Skip to main content

View Diary: This week in science: Rain falls in Colorado and ignorance pours in Texas (35 comments)

Comment Preferences

  •  who uses textbook (0+ / 0-)

    If you district does, ask them why they are wasting money.  Why are they spending money on a 50's technology.  I will tell you why, because it allows crackpots to control part of the process and permits huge kickbacks to the chosen few.

    Here is what is real, what the kids must know about biology, legally, and what they can and will be tested on.

    (2)  Scientific processes. The student uses scientific methods and equipment during laboratory and field investigations. The student is expected to:

    (A)  know the definition of science and understand that it has limitations, as specified in subsection (b)(2) of this section;

    (B)  know that hypotheses are tentative and testable statements that must be capable of being supported or not supported by observational evidence. Hypotheses of durable explanatory power which have been tested over a wide variety of conditions are incorporated into theories;

    (C)  know scientific theories are based on natural and physical phenomena and are capable of being tested by multiple independent researchers. Unlike hypotheses, scientific theories are well-established and highly-reliable explanations, but they may be subject to change as new areas of science and new technologies are developed;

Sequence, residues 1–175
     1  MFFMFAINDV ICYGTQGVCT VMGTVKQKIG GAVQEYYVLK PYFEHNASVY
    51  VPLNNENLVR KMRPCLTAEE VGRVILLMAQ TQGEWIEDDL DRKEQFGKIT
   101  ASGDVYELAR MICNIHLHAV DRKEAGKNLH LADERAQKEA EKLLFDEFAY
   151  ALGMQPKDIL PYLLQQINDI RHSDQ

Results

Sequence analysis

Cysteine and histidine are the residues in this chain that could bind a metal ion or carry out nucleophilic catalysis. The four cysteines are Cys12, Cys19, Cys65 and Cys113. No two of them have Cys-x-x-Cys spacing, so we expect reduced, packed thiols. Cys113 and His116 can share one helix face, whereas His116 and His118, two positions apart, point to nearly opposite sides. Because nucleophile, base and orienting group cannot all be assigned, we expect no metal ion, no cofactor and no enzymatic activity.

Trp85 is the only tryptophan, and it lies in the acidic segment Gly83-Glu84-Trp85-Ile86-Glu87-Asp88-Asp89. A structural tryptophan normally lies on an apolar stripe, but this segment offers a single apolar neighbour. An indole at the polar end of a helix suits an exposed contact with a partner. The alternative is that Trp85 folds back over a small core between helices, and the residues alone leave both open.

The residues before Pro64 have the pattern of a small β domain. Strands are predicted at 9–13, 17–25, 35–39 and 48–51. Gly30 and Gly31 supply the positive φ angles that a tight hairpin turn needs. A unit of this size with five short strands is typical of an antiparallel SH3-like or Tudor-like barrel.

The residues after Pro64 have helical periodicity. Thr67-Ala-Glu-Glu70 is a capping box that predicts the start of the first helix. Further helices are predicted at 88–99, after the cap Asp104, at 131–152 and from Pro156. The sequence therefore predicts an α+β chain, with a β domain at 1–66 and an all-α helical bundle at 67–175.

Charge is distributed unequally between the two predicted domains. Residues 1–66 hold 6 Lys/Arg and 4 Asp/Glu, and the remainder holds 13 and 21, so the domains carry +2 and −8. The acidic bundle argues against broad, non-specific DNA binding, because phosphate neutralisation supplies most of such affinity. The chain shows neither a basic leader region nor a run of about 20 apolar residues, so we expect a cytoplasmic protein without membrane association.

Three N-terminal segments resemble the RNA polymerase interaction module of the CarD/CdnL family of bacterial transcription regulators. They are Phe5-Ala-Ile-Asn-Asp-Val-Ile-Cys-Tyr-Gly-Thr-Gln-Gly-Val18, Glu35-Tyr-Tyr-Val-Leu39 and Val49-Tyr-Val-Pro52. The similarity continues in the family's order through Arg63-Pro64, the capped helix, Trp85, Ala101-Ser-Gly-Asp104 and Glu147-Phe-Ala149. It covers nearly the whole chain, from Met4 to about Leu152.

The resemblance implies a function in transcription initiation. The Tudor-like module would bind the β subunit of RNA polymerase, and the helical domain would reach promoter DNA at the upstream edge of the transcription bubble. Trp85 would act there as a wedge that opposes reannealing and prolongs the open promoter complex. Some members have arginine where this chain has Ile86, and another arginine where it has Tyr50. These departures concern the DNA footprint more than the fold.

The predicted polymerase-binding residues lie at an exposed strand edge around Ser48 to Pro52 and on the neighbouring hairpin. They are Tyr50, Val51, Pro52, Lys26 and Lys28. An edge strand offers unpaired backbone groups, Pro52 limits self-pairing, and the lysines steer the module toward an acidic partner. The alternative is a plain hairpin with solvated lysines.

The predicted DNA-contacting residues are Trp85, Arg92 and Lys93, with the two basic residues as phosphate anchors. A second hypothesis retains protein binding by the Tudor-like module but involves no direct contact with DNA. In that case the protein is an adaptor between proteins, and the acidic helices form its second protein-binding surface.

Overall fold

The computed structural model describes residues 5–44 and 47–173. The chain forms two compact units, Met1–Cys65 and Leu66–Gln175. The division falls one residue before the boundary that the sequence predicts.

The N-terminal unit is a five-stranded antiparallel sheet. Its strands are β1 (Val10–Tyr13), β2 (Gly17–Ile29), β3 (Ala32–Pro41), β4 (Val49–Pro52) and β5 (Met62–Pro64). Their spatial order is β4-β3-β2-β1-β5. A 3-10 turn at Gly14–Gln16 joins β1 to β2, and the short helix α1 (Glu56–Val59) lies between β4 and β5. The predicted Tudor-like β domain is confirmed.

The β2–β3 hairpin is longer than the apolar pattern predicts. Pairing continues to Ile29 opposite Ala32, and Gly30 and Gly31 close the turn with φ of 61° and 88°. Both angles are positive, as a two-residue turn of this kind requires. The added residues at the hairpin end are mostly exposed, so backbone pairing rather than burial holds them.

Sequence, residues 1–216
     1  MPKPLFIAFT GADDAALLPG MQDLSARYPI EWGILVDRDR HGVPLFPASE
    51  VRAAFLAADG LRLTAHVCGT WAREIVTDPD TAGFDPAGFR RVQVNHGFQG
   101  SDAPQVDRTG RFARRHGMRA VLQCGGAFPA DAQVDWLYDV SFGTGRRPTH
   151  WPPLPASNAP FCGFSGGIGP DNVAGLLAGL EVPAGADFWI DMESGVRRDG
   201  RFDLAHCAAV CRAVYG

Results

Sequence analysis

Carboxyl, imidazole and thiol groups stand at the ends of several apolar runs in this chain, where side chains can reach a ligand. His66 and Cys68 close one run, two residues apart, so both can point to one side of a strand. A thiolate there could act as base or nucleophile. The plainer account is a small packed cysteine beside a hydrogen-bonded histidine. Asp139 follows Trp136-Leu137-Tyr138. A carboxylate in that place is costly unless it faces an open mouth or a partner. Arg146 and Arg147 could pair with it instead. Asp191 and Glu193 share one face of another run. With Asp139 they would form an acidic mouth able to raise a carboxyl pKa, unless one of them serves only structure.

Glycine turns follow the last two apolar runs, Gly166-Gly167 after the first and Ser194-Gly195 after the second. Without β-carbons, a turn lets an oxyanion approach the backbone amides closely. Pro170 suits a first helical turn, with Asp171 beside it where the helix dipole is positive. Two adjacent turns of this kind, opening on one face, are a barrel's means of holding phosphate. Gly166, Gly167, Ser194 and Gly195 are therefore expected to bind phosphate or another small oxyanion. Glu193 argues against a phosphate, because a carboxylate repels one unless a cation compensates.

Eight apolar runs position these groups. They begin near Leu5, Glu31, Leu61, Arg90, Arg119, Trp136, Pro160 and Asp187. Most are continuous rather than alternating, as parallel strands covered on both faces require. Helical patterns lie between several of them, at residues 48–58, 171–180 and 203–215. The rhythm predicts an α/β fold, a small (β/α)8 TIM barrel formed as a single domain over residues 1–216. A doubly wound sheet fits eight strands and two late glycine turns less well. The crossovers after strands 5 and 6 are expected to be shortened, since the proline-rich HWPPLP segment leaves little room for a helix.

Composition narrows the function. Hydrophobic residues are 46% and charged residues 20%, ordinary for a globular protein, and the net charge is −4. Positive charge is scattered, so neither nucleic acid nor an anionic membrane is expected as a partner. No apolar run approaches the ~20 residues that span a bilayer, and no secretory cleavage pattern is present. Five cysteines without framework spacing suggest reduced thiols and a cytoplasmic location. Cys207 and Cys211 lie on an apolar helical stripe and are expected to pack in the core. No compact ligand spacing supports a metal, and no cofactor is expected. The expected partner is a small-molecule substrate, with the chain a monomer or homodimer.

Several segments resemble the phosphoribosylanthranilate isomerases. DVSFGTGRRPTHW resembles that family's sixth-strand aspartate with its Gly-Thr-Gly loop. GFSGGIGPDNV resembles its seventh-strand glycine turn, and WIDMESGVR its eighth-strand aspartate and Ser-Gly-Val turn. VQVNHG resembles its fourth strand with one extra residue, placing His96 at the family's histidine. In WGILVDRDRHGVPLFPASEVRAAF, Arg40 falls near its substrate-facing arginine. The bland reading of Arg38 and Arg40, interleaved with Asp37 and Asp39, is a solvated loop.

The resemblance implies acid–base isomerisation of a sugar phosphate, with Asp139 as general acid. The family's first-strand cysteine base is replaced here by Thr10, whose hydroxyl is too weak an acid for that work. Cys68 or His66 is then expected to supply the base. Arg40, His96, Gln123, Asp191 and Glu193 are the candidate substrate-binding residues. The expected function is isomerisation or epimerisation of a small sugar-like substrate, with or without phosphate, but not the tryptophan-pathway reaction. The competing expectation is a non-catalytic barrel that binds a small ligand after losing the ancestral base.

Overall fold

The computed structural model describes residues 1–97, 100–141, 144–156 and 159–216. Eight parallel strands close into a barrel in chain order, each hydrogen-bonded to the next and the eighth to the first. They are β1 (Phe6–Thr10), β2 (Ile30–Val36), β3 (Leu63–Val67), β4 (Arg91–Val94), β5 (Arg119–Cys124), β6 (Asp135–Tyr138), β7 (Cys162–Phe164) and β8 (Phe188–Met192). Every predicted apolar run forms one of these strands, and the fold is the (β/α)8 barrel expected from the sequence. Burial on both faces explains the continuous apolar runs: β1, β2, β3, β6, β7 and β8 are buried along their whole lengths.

(D)  distinguish between scientific hypotheses and scientific theories;

    (E)  plan and implement descriptive, comparative, and experimental investigations, including asking questions, formulating testable hypotheses, and selecting equipment and technology;

    (F)  collect and organize qualitative and quantitative data and make measurements with accuracy and precision using tools such as calculators, spreadsheet software, data-collecting probes, computers, standard laboratory glassware, microscopes, various prepared slides, stereoscopes, metric rulers, electronic balances, gel electrophoresis apparatuses, micropipettors, hand lenses, Celsius thermometers, hot plates, lab notebooks or journals, timing devices, cameras, Petri dishes, lab incubators, dissection equipment, meter sticks, and models, diagrams, or samples of biological specimens or structures;

    (G)  analyze, evaluate, make inferences, and predict trends from data; and

    (H)  communicate valid conclusions supported by the data through methods such as lab reports, labeled drawings, graphic organizers, journals, summaries, oral reports, and technology-based reports

    (3)  Scientific processes. The student uses critical thinking, scientific reasoning, and problem solving to make informed decisions within and outside the classroom. The student is expected to:

    (A)  in all fields of science, analyze, evaluate, and critique scientific explanations by using empirical evidence, logical reasoning, and experimental and observational testing, including examining all sides of scientific evidence of those scientific explanations, so as to encourage critical thinking by the student;